Part L - What has changed?
The government has finally unveiled its long-awaited changes to Part L of the building regulations. Part L 2013 introduced on 6th April 2014 introduces the FEES standard with the recommendation that new homes should comply with a mandatory minimum fabric performance standard (Target Fabric Energy Efficiency, TFEE) in addition to the original carbon emissions standard (Target CO2 Emission Rate, TER). Appendix R introduced as part of the governments update in April has refined industry standards, the new appendix R introduced for SAP 2012 adopts a ‘recipe’ style approach to gaining compliance. If this ‘recipe’ is followed, designers will ensure they meet required standards, using details and products to improve the overall dwelling performance. The new certified Psi value for Lintels in appendix R is 0.05W/m.k. Keystone’s award winning Hi-Therm lintel is the only one piece lintel that satisfies this requirement.
If, for example, standard steel lintel Psi values were used, the designers would have to compensate for the performance deficit elsewhere in the design by lowering wall u-values, upgrading windows to triple glazed, or perhaps the introduction of costly bolt on renewables such as solar panels ultimately adding additional cost.
Fabric First Approach
This new requirement will see a major change in the way designers have to approach building design through specification of enhanced products and improving the dwellings fabric with an emphasis on improving thermal bridging. This is based on the principle of preventing energy waste by ensuring that the fabric of the building is adequately insulated and airtight and is preferable to the use of costly bolt on renewables such as solar panels and heat recovery systems. The fabric of the building remains for the life time of the building therefore it will continuously perform as designed.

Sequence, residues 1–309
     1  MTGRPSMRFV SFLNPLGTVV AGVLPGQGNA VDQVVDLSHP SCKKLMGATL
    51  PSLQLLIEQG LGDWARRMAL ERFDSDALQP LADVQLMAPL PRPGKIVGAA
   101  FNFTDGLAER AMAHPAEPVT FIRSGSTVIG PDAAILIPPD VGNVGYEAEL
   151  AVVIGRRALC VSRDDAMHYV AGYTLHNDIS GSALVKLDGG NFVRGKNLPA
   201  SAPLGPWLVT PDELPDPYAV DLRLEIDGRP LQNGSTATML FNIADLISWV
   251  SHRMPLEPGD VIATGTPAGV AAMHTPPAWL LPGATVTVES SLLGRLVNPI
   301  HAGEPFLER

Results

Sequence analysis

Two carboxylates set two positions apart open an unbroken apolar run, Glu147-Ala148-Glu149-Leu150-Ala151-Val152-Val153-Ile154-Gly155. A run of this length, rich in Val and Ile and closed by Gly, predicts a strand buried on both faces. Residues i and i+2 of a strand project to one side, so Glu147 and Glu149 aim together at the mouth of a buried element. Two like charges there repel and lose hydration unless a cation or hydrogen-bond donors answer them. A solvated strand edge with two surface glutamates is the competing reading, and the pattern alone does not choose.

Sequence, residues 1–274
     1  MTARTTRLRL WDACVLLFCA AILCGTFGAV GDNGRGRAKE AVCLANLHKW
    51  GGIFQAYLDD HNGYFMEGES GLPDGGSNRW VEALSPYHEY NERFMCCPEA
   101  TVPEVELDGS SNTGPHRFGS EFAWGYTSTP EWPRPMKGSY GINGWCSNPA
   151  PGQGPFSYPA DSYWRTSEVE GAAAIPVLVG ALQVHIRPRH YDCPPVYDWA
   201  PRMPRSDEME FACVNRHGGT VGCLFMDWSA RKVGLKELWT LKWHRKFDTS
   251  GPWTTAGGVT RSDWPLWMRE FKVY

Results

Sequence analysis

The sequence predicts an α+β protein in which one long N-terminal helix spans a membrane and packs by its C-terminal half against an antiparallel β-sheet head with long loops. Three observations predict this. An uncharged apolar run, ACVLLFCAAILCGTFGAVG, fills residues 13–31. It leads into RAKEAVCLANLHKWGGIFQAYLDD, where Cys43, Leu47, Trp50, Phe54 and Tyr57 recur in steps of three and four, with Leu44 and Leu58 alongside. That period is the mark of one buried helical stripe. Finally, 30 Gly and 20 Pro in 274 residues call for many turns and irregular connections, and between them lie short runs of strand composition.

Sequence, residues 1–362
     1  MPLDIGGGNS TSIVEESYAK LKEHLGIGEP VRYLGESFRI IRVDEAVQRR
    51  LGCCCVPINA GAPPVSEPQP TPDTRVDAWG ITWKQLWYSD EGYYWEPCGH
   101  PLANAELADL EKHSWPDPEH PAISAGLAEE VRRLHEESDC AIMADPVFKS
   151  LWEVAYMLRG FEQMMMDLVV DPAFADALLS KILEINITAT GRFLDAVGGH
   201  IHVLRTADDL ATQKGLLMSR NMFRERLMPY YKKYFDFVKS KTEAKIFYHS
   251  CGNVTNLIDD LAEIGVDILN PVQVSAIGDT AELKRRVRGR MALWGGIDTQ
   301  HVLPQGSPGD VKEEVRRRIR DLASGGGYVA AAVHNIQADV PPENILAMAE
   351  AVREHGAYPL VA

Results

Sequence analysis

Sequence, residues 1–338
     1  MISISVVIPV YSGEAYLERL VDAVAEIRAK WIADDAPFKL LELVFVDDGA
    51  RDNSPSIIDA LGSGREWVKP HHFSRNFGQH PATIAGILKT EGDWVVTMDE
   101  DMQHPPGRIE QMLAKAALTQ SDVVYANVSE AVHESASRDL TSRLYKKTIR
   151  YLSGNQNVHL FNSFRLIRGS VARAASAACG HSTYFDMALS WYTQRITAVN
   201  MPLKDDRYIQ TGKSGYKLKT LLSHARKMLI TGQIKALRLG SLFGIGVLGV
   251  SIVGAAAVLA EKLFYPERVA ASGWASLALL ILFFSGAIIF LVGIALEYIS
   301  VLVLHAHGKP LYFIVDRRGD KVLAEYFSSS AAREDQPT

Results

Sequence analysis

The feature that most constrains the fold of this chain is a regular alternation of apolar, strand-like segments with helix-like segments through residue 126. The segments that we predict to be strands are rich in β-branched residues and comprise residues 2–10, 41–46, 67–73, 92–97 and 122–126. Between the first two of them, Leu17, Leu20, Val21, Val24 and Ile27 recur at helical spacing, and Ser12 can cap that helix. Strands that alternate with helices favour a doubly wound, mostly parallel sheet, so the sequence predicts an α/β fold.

Why Lintel Choice is Vital.
Statistics show that up to 35% of heat loss in a dwelling is through thermal bridging. Lintels are one of the single most influential contributing factors which can improve a dwellings SAP calculation and Fabric Energy Efficiency.
By improving the lintel value alone, can significantly improve the Sap calculation, negating the need for less onerous requirements to upgrade the fabric elsewhere. It is essential therefore that specified lintels are able to demonstrate robust thermal performance, as well as fulfilling their primary function, to provide structural support. Keystone Lintels UK Managing Director, Derrick McFarland explains; “Focusing on improving the building fabric with a traditional 300mm masonry construction wall, well insulated cavity and a Keystone Hi-Therm lintel can help meet building regulations and code 4 requirements and also negate the need for renewables”.